“I interact with kids I don’t have as students,” said science teacher John Kuznik, who works with the program. Even kids he doesn't work with directly "will see me here, and they'll say hi to me in the hallway."

Dokkebakken said he has gotten to know students who haven't been in his regular classes.

The program allows a less formal atmosphere and offers time to build relationships with the smaller groups of students.

As Dokkebakken put it: “It isn’t as strict as school, but you do have to follow the rules.”

The enrichment days are an important part of the program, he said. They offer some social/emotional learning and can introduce students to activities they may want to pursue in the future.

Two certified lifeguards oversee the swimming and can work with students who are just learning to swim. It can supplement their physical education classes.

West Central Week 0 event Saturday lets robotics teams in the area test their robots for later competitions.

Kuznik said there’s a chance the robotics activities could lead students to join the robotics team when they move on to Willmar Senior High. He also works with a summer robotics program offered at the Middle School and brings kids from area school districts.

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Dokkebakken said the group working with SOAR hopes a successful first year will help build community support to keep the program going and growing.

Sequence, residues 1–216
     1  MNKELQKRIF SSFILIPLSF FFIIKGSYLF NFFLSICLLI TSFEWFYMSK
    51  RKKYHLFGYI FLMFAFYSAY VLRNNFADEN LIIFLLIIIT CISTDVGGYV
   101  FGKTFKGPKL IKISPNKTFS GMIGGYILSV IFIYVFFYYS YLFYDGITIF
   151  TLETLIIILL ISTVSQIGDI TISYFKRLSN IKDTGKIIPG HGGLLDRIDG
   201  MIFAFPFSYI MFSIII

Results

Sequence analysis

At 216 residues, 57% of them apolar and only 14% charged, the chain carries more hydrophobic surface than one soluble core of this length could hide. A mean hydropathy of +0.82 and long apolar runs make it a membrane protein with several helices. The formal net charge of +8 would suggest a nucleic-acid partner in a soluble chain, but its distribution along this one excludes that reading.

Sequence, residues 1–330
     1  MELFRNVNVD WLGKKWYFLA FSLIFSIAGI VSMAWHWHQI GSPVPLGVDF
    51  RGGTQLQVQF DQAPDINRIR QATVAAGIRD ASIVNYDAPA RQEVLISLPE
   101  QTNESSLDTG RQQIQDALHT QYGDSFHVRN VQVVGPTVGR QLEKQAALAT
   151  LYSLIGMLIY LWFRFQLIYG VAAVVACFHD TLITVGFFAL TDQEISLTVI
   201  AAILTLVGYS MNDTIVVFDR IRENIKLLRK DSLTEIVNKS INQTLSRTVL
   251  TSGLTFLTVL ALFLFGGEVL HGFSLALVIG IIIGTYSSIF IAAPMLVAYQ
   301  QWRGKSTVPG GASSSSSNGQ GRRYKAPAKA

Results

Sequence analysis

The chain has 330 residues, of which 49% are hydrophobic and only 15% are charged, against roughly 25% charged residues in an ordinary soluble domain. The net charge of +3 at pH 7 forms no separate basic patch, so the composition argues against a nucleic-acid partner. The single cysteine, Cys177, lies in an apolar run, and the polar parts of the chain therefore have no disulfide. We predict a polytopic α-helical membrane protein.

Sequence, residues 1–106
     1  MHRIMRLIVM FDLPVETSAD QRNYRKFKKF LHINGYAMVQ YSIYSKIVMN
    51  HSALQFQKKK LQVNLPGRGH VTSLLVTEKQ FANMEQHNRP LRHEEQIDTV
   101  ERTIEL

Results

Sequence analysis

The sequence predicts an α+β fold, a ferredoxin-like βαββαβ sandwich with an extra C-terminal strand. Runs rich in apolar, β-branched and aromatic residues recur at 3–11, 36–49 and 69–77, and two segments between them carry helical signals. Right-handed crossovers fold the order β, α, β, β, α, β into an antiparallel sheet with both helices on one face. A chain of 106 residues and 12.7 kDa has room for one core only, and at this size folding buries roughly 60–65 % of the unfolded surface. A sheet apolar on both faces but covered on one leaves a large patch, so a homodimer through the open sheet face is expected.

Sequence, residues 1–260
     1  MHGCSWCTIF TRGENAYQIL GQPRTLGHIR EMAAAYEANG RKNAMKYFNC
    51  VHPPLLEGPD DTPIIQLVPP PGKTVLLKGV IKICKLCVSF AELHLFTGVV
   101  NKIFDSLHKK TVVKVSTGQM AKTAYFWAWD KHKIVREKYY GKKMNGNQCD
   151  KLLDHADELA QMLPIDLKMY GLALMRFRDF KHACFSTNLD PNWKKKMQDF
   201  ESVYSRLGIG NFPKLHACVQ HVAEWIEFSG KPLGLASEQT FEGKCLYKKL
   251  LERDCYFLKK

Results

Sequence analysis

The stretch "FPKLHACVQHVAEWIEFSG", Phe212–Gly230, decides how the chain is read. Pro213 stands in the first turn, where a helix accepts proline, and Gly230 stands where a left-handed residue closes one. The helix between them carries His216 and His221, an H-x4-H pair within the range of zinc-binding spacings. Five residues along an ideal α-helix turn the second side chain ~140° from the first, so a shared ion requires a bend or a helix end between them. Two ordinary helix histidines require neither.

“We don’t want to start the program and see it gone in a few years,” he said.

The school saw evidence that the 21st Century program made a difference for students, and he hopes to see similar results with the new one.

More by Linda Vanderwerf:
Students from Focus House, a program to help people with special needs prepare for living on their own, have spoken to fourth-graders in the past month about bullying and how to address it. Many of the young adults from Focus House said they've been bullied in the past.

In 42 years in the newspaper industry, Linda Vanderwerf has worked at several daily newspapers in Minnesota, including the Mesabi Daily News, now called the Mesabi Tribune in Virginia. Previously, she worked for the Las Cruces Sun-News in New Mexico and the Rapid City Journal in the Black Hills of South Dakota. She has been a reporter at the West Central Tribune for nearly 27 years.

Vanderwerf can be reached at email: lvanderwerf@wctrib.com or phone 320-214-4340